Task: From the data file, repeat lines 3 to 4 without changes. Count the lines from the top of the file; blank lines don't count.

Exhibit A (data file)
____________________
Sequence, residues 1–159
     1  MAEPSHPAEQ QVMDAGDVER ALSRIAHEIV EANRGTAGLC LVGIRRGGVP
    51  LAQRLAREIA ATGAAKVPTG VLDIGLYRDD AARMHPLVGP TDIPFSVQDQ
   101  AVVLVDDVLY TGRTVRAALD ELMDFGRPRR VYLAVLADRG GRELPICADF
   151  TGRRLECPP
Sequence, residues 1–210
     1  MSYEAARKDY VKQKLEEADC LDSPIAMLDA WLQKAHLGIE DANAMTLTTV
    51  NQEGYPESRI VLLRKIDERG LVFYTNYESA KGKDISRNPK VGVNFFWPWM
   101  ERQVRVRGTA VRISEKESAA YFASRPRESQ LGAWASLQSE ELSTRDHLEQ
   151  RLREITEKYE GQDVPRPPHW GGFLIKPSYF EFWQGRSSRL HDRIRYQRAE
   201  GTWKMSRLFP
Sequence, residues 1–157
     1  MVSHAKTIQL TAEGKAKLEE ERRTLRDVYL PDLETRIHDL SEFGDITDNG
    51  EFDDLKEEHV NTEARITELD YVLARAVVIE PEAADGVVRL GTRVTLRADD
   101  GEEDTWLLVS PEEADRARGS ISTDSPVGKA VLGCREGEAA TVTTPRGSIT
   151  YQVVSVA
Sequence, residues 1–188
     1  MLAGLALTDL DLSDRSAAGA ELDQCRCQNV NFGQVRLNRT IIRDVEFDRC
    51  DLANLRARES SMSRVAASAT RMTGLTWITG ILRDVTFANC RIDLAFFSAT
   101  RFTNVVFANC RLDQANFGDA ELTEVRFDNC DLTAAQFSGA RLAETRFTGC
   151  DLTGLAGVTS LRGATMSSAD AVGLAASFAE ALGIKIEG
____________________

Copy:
    51  LAQRLAREIA ATGAAKVPTG VLDIGLYRDD AARMHPLVGP TDIPFSVQDQ
   101  AVVLVDDVLY TGRTVRAALD ELMDFGRPRR VYLAVLADRG GRELPICADF